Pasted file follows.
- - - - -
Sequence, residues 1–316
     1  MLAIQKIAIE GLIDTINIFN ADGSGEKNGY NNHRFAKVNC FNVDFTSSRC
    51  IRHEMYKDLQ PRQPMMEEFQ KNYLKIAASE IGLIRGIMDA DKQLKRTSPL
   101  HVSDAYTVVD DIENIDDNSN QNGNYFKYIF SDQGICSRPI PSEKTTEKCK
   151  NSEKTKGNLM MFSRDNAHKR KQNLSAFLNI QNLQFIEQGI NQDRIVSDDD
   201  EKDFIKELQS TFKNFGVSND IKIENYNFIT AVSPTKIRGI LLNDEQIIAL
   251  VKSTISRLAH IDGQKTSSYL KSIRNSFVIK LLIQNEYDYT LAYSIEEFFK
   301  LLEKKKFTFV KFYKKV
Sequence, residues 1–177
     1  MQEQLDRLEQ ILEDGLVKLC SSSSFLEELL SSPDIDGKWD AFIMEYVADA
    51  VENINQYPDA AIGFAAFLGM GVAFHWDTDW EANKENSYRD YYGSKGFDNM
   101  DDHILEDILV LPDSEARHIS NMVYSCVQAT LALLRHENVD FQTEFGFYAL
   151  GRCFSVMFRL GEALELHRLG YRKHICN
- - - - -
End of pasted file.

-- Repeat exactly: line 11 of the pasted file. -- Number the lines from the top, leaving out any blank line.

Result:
    51  VENINQYPDA AIGFAAFLGM GVAFHWDTDW EANKENSYRD YYGSKGFDNM